Of course, abolitionists used religion to argue against slavery. If you read the autiobiography of Frederick Douglas, you will find that he is quite religious and used belief in God to argue against slavery. He also condemned the religious slaveowner as hypocritical and "not truly christian." Indeed, it seems most abolitionists in the 19th Century were religious and used their religious beliefs to argue against slavery and other forms of injustice. Later in the 20th Century, civil rights leaders like Martin Luther King, Jr. also appealed to religious ideals. These religious leaders believed we are all children of God and that every life is infinitely valuable. Many were not biblical literalists or fundamentalists because they did not derive their morality from the words of the bible alone, but also appealed to their god-given conscience, intuition, empathy, and ability to reason. They argued every human being has dignity and rights and should be respected. That is, they used their religious values to bolster their moral beliefs in rights, justice, fairness, the infinite value of each person, and other deontological notions.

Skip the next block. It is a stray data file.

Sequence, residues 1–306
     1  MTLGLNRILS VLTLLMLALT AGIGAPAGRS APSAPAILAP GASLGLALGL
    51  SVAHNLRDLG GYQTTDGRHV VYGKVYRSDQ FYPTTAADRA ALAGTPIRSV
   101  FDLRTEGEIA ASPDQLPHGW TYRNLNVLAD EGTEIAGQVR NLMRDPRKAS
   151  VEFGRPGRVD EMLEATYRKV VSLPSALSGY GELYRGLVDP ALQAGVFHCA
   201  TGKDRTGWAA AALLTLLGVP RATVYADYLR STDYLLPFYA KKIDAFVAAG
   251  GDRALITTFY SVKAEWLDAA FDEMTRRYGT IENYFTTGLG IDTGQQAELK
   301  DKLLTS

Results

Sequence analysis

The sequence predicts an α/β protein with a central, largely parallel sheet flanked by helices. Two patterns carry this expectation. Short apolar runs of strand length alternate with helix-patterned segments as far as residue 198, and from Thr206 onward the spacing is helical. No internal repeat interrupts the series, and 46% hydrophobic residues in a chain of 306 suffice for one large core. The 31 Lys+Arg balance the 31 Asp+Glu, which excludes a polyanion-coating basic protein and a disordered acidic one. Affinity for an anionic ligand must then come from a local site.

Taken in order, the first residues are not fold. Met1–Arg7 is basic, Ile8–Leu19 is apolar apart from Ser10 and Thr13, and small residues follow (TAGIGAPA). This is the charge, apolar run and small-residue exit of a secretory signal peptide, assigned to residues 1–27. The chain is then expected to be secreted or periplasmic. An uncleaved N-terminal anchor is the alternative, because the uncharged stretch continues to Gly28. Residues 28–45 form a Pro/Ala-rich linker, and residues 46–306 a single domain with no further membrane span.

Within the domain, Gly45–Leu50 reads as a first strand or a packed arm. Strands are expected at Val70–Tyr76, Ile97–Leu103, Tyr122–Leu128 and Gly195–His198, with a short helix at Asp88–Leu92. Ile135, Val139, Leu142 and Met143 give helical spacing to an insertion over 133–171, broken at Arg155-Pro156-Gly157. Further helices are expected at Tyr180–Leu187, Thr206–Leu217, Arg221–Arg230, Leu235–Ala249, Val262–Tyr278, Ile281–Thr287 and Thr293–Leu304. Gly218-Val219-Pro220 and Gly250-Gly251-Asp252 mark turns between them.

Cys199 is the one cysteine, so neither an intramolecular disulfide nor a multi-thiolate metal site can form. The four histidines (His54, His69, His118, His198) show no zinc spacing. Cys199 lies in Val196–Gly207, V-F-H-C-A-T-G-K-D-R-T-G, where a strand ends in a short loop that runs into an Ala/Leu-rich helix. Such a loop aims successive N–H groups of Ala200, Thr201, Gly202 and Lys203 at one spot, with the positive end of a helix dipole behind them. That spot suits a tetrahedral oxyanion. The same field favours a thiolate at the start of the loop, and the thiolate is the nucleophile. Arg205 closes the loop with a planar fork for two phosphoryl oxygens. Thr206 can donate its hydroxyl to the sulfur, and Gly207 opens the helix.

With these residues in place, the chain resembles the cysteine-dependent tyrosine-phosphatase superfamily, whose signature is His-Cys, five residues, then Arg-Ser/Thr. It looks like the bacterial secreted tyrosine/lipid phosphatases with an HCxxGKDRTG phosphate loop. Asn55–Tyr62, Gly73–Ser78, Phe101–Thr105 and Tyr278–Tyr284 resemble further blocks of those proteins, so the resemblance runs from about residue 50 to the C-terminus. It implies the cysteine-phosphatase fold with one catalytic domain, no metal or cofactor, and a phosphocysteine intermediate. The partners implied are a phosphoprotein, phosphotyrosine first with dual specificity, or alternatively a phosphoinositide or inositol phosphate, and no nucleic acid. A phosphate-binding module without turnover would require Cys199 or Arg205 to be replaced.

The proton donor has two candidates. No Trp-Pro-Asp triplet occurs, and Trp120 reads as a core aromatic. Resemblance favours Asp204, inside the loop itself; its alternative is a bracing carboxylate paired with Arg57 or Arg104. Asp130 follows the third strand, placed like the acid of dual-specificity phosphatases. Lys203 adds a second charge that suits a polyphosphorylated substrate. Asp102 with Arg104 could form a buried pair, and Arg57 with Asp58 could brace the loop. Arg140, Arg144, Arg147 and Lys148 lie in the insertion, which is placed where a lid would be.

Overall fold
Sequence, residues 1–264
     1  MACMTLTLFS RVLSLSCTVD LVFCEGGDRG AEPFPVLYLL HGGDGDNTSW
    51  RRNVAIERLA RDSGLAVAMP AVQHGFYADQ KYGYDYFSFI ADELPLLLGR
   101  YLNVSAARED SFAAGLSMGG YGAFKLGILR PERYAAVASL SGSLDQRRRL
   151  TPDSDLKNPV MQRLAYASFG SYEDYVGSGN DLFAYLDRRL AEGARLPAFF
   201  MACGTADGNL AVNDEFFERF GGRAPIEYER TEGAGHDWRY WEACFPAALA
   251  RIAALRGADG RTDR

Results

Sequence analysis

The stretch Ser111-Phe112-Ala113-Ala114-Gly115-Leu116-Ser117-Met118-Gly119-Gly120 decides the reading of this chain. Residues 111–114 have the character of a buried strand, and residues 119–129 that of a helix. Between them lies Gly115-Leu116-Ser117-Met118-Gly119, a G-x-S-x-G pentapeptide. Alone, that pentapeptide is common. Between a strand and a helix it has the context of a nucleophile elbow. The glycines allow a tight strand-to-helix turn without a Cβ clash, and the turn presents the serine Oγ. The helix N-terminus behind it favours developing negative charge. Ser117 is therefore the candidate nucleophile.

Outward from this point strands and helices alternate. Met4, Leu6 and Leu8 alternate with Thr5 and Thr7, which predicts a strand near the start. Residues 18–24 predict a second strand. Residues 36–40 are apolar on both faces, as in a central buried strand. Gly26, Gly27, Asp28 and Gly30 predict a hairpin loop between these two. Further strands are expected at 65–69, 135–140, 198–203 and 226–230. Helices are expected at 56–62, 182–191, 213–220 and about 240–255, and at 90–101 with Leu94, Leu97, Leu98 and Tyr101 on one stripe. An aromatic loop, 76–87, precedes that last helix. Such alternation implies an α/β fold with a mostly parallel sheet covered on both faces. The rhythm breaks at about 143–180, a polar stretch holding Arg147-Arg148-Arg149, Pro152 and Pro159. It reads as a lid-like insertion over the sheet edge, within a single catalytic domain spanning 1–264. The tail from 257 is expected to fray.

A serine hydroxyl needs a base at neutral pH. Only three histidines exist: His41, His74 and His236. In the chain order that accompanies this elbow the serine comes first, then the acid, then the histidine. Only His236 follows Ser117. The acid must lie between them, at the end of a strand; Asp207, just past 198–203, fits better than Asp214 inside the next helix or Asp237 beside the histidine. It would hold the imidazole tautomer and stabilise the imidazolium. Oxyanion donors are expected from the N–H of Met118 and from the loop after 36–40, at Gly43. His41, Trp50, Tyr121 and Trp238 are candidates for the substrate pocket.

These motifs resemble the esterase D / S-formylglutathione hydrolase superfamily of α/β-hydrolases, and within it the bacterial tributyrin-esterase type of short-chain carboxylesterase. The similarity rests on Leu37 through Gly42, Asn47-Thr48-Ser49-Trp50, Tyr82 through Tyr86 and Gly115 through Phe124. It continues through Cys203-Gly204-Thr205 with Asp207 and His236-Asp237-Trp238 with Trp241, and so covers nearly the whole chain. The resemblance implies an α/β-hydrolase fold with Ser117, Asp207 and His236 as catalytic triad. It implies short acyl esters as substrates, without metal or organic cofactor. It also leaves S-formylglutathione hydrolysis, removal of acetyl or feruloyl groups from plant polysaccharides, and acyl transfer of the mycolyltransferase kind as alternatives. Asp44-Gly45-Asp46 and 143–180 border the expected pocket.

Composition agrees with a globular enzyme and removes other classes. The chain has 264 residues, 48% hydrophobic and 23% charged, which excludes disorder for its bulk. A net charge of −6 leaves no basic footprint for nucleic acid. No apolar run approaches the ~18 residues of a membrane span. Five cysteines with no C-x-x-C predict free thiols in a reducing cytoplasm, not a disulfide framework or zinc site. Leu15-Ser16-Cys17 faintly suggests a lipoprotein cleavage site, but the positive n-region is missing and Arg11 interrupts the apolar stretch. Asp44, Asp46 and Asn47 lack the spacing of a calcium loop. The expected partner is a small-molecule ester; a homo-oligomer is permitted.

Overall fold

In short, the primary sources show that both sides used religion in the 19th Century. From this perspective, appealing to religious authorities is not logically persuasive, and most religious arguments appealed to authority. If you are religious, it seems to me the best question to ask is, "Why does God think slavery is right or wrong?" When this question is asked, the intelligent religious person will give reasons for their beliefs, not simply appeals to authority. This then leads to all the other arguments we are exploring in this video.  In short, I do not believe religious appeals to authority should be considered a good argument in moral debates... and even intelligent religious people agree on this point. I think it is fair to appeal to empathy and rights and other matters that may be bolstered by some forms of religion and hindered by other forms of religion, but simple appeals to religious authority are weak for many reasons.